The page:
The Ministry of Housing, Communities & Local Government has published further guidance on moving home during the coronavirus (COVID-19) outbreak.
The SAP Industry Forum (SAPIF) has published its final report on the priorities of SAP 11 development.
Stroma is delivering a series of online CPD webinars during the COVID-19 lockdown period to support and provide training opportunities to clients
Brexit is on the agenda for our latest 15th anniversary time capsule, taking a fairly short jump into the past. This month marks one year since the British people voted for the country to exit the European Union. Immediately following the vote, Stroma Certification released a statement expressing our belief that the energy and construction industries would weather any oncoming storm or uncertainty.
As we enter June 2017, despite the ongoing uncertainty, it’s pleasing to see that the positive signs remain.
In spite of the concerns raised over Brexit, it is actually fairly positive in the industry. There are ups and downs in the different segments of construction. The social housing, non-domestic construction and the private commercial market in London have been down versus the continued high performance of private residential building. Regardless of any political uncertainty there is still a need for housing and all the major political parties have committed to building more after the election. The country needs more hospitals, schools and the infrastructure needs improving. All this will continue to generate work for the industry.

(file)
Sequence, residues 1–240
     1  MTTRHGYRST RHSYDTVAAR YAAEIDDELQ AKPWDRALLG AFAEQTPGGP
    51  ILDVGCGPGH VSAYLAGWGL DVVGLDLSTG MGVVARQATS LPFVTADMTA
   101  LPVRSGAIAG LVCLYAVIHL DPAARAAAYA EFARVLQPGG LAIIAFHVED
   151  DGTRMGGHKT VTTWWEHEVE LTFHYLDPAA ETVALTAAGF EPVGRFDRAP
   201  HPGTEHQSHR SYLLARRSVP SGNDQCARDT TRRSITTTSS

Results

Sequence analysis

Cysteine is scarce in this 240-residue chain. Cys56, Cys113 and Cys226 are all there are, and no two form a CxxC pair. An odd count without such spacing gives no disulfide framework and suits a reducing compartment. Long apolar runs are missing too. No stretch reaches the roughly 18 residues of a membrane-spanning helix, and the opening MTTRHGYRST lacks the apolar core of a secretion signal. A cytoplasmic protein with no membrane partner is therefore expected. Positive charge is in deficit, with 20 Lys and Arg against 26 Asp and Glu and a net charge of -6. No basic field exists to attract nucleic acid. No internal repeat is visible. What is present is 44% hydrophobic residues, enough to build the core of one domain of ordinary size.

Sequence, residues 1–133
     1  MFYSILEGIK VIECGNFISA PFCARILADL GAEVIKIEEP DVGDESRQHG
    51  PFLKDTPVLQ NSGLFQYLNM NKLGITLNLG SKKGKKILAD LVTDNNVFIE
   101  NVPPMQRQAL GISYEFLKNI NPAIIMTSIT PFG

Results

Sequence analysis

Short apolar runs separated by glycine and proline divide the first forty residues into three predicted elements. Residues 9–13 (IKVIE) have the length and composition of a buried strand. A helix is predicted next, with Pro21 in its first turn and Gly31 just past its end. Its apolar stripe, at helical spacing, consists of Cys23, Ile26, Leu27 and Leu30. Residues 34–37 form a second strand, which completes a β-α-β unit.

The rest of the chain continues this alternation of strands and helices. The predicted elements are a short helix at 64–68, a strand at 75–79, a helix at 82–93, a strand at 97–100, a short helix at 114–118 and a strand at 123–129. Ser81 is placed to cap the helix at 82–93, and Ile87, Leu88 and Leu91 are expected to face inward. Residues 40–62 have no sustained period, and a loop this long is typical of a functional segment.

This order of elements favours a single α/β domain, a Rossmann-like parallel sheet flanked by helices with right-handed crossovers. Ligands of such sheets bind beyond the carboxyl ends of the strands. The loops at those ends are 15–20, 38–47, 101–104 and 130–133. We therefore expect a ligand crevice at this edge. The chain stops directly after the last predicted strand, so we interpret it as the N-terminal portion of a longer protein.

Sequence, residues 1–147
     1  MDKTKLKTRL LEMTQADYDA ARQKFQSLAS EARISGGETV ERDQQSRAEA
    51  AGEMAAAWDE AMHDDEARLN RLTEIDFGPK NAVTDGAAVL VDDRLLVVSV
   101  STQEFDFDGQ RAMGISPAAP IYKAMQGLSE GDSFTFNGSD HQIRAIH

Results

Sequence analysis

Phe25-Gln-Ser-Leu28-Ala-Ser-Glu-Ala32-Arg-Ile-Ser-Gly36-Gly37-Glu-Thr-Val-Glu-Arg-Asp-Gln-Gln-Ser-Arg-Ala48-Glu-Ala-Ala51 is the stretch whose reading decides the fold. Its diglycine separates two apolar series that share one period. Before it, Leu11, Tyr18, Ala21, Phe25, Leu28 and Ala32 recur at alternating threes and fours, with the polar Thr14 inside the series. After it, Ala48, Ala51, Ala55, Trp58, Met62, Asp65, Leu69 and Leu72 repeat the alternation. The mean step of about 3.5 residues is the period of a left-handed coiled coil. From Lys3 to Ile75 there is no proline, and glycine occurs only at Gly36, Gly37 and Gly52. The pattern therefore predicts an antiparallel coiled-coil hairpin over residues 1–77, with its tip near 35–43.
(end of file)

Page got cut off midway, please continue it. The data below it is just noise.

One of the key Brexit negotiating points is the issue of Freedom of Movement and there is considerable trepidation in the construction industry about the terms of our exit and what that could mean for the supply of labour into the marketplace. There is a very valid argument that the construction sector has been bolstered and improved by EU migrant workers coming into the UK. In a ‘hard’ Brexit scenario which restricts the movement of labour into the UK, it is feared that industry will be severely hamstrung without the skilled, enthusiastic European workers who have become the bulwark of UK construction. Each political party has a slightly different view on migration (not withstanding the EU’s negotiating position) and as such a sensitive issue it makes the forthcoming General Election result even more crucial for the construction industry.
The major variable (of many variables) in the current equation is the forthcoming General Election on 8 June. It may yield a new Government, or conversely a much stronger Conservative majority. The hope will be that the result of the poll should finally end any domestic political uncertainty over Britain’s stance at the Brussels negotiating table.
In the present moment it is impossible to predict the final outcome of the Brexit process. There is trepidation about the uncertainty but at the same time there appear to be reasons for confidence. To date Brexit has not had the negative impact which many Remain voters had feared. Investment in the UK has actually increased. Stroma’s own company performance has been highly positive in the first two quarters of 2017.
The UK should experience very little impact in terms of environmental legislative changes. We are one of the only current member countries who adhere to the EPBD and have driven the development of best practice and energy efficiency strategy. One of the key aims of Brexit is to reduce red tape and Stroma, our members, partners and clients are part of that very solution.
We await the results of the General Election with optimism and interest.
Stroma is delighted to be celebrating our 15th anniversary in 2017 and would like to thank our clients, members, partners and friends for your ongoing support.
Registered Office: 4 Pioneer Way, Castleford, West Yorkshire, WF10 5QU
The Stroma Group
Stroma Building Control |
Stroma Built Environment |
Stroma Certification |
Stroma Software |
Stroma Specialist Access
©Stroma Group Ltd 2020